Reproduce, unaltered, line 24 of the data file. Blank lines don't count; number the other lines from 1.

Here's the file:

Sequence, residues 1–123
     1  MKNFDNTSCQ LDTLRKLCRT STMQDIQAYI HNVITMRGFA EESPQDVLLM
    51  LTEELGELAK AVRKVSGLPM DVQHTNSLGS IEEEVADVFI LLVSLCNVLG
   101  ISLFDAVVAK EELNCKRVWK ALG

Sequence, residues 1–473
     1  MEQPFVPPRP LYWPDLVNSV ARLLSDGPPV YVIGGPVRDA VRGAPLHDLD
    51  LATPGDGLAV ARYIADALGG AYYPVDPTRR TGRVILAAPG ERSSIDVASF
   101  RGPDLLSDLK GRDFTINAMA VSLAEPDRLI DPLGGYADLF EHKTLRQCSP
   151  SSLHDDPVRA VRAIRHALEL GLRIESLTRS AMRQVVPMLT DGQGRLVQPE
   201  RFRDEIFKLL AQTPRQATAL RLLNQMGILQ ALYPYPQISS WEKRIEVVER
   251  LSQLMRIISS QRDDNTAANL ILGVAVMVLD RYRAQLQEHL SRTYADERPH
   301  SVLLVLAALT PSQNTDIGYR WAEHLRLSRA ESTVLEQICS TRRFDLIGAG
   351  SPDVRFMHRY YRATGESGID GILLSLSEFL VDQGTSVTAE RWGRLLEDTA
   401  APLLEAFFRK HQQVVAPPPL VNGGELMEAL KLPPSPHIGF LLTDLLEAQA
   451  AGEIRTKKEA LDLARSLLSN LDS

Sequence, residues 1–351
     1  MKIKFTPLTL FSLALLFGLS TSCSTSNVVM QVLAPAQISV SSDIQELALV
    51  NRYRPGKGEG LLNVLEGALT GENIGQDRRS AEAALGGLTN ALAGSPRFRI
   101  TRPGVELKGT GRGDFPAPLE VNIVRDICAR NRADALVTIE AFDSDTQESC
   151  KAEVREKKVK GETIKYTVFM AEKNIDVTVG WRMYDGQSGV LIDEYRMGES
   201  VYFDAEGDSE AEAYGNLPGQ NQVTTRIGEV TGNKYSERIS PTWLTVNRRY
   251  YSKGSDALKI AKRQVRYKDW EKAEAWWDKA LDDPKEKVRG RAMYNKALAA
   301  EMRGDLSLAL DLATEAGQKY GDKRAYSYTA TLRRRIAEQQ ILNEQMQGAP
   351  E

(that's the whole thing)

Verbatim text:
   351  E